I said, "Joe, how does it make you feel
to know that our host only yesterday
may have made more money
than you novel 'Catch-22'
has earned in its entire history?"
And Joe said, "I've got something he can never have."
And I said, &What on earth could that be, Joe?"
And Joe said, "The knowledge that I've got enough."
Not bad! Rest in peace!&mdash Kurt Vonnegut

So It Goes

Germans mark bombing of Dresden

Germany has marked the 60th anniversary of the bombing of Dresden, one of the most controversial Allied operations of World War II.

The attacks killed about 35,000 people and ruined the city's heart, as ground forces closed in on the Nazi regime.

The commemorations culminated with 50,000 people lighting candles in an evening rally in memory of victims.
But there were also protests by far-right parties, who say the bombing should be seen as a war crime.

About 5,000 far-right supporters staged a protest march and police scuffled with left-wing protesters trying to disrupt their demonstration.

But the groups, led by the neo-Nazi National Democratic Party (NPD), have not so far managed to interfere with the official ceremonies.

Germany's chancellor earlier condemned their threats as a bid to rewrite history.

Don't miss Jonathon Delacour's related post on the differences in how German and Japanese cultures have dealt with the aftermath of the war and the fire-bombings of their cities.

And of course no post about Dresden would be complete without a reference to Kurt Vonnegut's Slaughterhouse Five

What follows is an excerpt from Vonnegut's book from Howard Zinn's voices of a peoples history of The United States

Eight Dresdneners crossed the steel spaghetti of the railroad yard. They were wearing new uniforms. They had been sworn into the army the day before. They were boys and men past middle age, and two veterans who had been shot to pieces in Russia. their assignment was to guard one hundred American prisoners of war who would work as contract labor. A grandfather and his grandson were in the squad. The grandfather was an architect.

The eight were grim as they approached the boxcars containing their wards. They knew what sick and foolish soldiers they themselves appeared to be. One of them actually had an artificial leg, and carried not only a loaded rifle but a cane. Still—they were expected to earn obedience and respect from the tall, cocky murderous american infantrymen who had just come from all the killing at the front.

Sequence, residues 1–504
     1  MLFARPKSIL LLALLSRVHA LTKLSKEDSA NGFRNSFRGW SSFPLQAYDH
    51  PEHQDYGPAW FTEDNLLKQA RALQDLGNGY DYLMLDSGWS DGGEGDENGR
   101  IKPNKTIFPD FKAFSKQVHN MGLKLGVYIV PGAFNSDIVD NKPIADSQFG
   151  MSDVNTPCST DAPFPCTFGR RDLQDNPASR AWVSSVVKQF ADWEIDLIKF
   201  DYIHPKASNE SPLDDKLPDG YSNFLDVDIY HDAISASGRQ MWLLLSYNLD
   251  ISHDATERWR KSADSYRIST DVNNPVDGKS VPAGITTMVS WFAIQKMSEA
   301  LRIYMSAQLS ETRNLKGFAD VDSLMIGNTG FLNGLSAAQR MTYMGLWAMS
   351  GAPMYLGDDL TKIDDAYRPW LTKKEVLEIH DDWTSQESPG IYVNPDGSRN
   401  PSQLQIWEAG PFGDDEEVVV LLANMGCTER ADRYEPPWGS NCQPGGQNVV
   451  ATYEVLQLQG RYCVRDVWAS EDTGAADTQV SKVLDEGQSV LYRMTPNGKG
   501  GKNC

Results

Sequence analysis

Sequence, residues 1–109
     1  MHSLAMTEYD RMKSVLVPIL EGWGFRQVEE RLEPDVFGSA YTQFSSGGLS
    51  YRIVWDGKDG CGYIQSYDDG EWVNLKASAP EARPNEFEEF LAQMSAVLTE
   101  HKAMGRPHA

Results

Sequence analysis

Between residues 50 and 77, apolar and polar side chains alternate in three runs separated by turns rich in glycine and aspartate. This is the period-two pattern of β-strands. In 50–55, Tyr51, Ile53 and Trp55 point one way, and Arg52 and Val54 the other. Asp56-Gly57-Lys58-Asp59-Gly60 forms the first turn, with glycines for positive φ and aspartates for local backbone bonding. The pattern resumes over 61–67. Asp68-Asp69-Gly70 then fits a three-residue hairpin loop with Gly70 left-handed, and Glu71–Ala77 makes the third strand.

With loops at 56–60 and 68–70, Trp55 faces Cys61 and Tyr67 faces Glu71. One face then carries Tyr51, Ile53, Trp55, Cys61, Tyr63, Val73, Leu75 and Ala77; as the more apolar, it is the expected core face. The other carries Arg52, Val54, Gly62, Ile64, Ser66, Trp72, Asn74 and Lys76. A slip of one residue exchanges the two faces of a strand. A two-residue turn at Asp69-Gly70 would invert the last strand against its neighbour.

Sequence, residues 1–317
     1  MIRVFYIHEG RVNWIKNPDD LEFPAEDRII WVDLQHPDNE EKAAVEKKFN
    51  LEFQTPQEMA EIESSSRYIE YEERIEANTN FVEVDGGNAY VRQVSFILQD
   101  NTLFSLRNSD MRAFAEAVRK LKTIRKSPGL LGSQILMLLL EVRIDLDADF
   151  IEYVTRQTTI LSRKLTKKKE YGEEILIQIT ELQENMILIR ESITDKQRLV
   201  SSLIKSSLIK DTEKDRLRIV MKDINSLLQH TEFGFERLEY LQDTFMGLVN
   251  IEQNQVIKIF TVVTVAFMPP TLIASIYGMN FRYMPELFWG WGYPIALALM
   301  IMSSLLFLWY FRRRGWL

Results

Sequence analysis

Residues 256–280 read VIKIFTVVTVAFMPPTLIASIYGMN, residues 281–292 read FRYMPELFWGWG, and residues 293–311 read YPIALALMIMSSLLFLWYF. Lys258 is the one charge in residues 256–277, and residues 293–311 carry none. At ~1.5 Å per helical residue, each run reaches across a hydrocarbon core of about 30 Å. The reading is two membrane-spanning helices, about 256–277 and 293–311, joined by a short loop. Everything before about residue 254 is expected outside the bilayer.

And then they saw bearded Billy Pilgrim in his blue toga and silver shoes, with his hands in a muff. He looked at least sixty years old. next to Bill was little Paul Lazzaro with a broken arm. He was fizzing with rabies. next to Lazzaro was the poor old high school teacher, Edgar Derby, mournfully pregnant with patriotism and middle age and imaginary wisdom, and so on.

Continue reading "So It Goes" »

It's All Your Fault Lazy Bastard

"Americans, like human beings everywhere, believe many things that are obviously untrue... Their most destructive untruth is that it is very easy for any American to make money. They will not acknowledge how in fact hard money is to come by, and, therefore, those who have no money blame and blame and blame themselves. This inward blame has been a treasure for the rich and powerful, who have had to do less for their poor, publicly and privately, than any other ruling class since, say, Napoleonic times."

From Kurt Vonnegut's Slaughterhouse-Five

You MIght As Well Be A Doughnut

Cold Turkey by Kurt Vonnegut | via Desultory Turgescence

Even crazier than golf, though, is modern American politics, where, thanks to TV and for the convenience of TV, you can only be one of two kinds of human beings, either a liberal or a conservative.

Actually, this same sort of thing happened to the people of England generations ago, and Sir William Gilbert, of the radical team of Gilbert and Sullivan, wrote these words for a song about it back then:

I often think it�s comical
How nature always does contrive